This is the seventh article within the “Facebook in 2018” series inclusive of top issues, fundamental changes and expectations for the year. Click here to see a list of the other posts within this series.
Lately, it seems Facebook can’t catch a break. Perhaps because of the intense scrutiny the social media giant is facing, there’s new information about data breaches and lawsuits published daily. During the month of May, it was reported that 3 million Facebook users had their personality data made public. Meanwhile, facial recognition and data collection practices are being questioned for their legality. Without a doubt, Facebook is on the hot seat. In fact, it appears they’re sitting in three hot seats right now.
Hot Seat #1: Data Breach Makes Personality Scores for 3 Million Facebook Users Publically Accessible
This month, it was reported that sensitive data of 3 million Facebook users was left vulnerable for years. Approximately 6 million Facebook users took personality quizzes via the myPersonality app, and half of those users agreed to share data from their Facebook profiles. The data was anonymized, with names removed, and added to a website controlled by academics at the University of Cambridge. Data was distributed to registered researchers and academics, but insufficient anonymization and security provisions resulted in the general provision of highly personal data.
“Gaining access illicitly was relatively easy,” according to Phee Waterfield and Timothy Revell of New Scientist. In fact, a working username and password was available to the public on GitHub. As a result, the personality scores, status updates and profile data of myPersonality users were easily obtainable.
Hot Seat #2: Facial Recognition Lawsuit
The Illinois Biometric Information Privacy Act (BIPA) governs the collection and storage of biometric identifiers gathered from retina scans, fingerprint identification and facial recognition technology. In a class-action lawsuit, Facebook users are claiming the social media platform’s technology collected scans of face geometry, and emails internal to the Facebook team indicate knowledge of the biometric data collection process. Though Facebook claims users cannot win the lawsuit without proving “actual injury,” with fines of $1,000-5,000 per violation possible, the July case has the potential to cost Facebook billions.
Hot Seat #3: Call & Text Collection Lawsuit
A second class-action lawsuit claims Facebook collected the logs of text messages and calls via its Android smartphone apps, representing an “invasion of privacy, wrongful monitoring of minors and potential attacks on privileged communications.” Accused of violating California’s Unfair Competition Law, California’s Legal Remedies Act and the federal Electronic Communications Privacy Act (ECPA), the filing claims users were not properly informed that “installing the [Facebook] application on a mobile device will result in the logging of all the user’s phone and text communications.”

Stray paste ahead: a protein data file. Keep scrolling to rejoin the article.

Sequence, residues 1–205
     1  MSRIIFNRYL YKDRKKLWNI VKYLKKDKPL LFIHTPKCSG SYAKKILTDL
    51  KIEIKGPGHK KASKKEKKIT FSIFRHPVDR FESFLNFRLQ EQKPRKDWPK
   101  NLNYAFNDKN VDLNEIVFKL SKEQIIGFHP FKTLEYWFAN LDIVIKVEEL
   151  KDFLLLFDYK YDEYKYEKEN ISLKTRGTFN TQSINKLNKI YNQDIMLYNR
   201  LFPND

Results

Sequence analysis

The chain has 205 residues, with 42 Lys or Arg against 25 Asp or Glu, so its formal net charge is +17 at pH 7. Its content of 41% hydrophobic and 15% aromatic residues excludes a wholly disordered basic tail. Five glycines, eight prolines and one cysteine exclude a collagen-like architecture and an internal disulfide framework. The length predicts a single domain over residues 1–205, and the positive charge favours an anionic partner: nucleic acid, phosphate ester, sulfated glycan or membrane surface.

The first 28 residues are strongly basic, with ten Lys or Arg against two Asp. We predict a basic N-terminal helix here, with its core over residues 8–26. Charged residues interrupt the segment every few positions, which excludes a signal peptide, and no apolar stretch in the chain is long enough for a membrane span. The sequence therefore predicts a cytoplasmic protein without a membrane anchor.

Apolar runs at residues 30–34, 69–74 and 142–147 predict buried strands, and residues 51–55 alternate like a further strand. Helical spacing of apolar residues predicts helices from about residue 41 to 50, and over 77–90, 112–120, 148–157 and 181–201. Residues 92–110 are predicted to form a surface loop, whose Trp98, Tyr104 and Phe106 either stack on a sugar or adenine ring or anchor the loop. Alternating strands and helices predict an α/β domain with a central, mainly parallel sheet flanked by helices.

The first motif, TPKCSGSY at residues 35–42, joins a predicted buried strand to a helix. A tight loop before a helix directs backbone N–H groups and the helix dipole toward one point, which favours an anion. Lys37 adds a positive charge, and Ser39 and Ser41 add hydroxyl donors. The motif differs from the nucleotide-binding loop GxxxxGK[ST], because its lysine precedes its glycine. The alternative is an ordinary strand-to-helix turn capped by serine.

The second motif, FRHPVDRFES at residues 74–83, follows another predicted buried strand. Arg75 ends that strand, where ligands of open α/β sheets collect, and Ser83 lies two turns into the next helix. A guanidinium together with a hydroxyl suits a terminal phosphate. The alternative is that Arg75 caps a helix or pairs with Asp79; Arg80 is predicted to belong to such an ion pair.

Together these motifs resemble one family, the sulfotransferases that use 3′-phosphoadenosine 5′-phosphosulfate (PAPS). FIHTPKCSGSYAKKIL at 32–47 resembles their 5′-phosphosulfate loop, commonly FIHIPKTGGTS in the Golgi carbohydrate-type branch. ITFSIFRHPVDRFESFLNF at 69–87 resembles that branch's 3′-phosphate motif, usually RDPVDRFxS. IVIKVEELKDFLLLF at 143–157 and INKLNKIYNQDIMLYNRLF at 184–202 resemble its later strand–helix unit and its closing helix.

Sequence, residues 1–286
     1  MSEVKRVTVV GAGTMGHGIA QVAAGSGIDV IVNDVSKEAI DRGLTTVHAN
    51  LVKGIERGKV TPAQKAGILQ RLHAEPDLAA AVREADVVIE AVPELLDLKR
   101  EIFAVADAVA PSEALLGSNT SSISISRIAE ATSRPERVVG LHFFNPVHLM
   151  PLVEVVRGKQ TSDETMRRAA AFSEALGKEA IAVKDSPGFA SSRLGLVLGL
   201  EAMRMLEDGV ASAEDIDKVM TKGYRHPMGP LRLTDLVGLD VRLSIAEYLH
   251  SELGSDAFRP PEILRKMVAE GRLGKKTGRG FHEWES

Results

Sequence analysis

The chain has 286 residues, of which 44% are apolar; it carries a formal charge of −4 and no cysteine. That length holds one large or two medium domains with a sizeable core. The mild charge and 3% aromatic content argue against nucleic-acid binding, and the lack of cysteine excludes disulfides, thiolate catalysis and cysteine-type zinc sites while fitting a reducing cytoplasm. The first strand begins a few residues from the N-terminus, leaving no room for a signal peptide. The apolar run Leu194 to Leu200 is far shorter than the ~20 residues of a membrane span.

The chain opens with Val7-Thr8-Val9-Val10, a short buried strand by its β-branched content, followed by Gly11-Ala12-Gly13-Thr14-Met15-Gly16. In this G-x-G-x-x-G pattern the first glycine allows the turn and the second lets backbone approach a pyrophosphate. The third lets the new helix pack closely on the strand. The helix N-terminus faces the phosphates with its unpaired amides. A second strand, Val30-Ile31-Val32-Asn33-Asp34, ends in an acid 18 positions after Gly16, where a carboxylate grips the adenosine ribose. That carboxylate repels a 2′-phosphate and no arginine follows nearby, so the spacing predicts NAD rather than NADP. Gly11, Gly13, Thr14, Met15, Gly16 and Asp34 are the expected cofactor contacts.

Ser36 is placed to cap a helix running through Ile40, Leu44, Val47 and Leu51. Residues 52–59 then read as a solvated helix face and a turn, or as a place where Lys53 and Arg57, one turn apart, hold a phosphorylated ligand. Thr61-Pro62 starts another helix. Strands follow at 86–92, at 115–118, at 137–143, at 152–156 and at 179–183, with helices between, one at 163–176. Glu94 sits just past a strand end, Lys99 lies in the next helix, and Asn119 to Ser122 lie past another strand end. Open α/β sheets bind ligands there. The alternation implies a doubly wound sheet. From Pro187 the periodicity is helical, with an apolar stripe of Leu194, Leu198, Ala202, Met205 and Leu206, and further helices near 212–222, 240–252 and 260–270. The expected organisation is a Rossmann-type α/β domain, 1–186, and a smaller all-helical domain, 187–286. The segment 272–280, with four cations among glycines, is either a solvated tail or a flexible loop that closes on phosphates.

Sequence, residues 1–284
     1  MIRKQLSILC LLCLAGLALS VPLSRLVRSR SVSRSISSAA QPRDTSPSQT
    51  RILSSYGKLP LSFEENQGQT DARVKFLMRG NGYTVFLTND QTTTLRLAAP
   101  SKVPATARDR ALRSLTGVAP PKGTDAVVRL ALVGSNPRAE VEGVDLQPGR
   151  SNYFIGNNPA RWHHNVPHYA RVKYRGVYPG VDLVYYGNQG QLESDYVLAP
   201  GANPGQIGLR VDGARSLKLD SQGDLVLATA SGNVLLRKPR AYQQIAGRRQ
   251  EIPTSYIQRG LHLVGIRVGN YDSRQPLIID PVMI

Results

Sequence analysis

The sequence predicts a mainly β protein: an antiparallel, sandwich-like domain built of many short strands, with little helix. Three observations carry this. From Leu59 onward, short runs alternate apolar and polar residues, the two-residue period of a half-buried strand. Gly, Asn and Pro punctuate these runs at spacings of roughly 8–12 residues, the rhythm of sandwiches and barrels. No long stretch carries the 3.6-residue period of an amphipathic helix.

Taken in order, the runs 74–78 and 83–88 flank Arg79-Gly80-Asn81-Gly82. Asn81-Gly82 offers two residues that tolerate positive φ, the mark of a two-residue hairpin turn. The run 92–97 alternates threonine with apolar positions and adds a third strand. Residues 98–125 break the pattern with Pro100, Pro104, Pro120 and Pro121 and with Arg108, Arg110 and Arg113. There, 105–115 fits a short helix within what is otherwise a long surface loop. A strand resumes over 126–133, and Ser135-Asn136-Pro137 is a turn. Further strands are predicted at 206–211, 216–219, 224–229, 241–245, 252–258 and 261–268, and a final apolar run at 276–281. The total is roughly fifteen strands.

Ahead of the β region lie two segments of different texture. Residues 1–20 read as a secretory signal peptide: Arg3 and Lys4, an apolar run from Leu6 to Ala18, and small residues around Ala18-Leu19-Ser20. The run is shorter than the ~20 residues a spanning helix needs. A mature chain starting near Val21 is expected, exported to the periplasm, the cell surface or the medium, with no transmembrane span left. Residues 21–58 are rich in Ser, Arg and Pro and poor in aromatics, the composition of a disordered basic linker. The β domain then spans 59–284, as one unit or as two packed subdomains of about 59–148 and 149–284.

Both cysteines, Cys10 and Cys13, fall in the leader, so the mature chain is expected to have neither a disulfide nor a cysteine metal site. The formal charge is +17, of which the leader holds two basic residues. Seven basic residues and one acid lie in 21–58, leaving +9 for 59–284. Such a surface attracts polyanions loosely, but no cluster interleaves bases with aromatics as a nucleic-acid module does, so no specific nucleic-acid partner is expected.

In late March, Facebook published “Fact Check: Your Call and SMS History” to combat the invasion of privacy claim. “When you sign up,” the post details, “you are given the option to continuously upload your contacts as well as your call and text history.” However, the fact check article does not detail the history of the opt-in features or disclosure language. In an article in The Guardian, technology reporter Alex Hern asserts Facebook was not always as transparent with their collection practices.
Despite their recent legal troubles, Facebook use is not slowing. With little real competition, the volume of Facebook monthly active users (MAUs) and advertising revenue continues to climb. Although calls to #deletefacebook will likely never cease, until a competing platform achieves their massive scale, it’s doubtful users or advertisers will walk away in masse.
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Click on the links below to read the other articles within the Facebook in 2018 series:
- Facebook in 2018: 4 Top Issues – published April 11, 2018
- Facebook in 2018: 4 Fundamental Changes – published April 12, 2018
- Facebook in 2018: 3 Expectations – published April 16, 2018
- Facebook in 2018: 5 Highlights from Zuckerberg’s Senate Hearing – published April 18, 2018
- Facebook in 2018: 7 Highlights from Zuckerberg’s 2nd Day on Capitol Hill – published April 19, 2018
- Facebook in 2018: 866 Million Pieces of Content + 583 Fake Accounts Removed in Q1 - published May 22, 2018
- Facebook in 2018: 3 Reasons Facebook is Still in the Hot Seat – published May 24, 2018
- Facebook in 2018: 6 Growth Signs that Indicate Facebook Is Too Big to Fail – published June 5, 2018
Click the link below to download the Facebook eBook: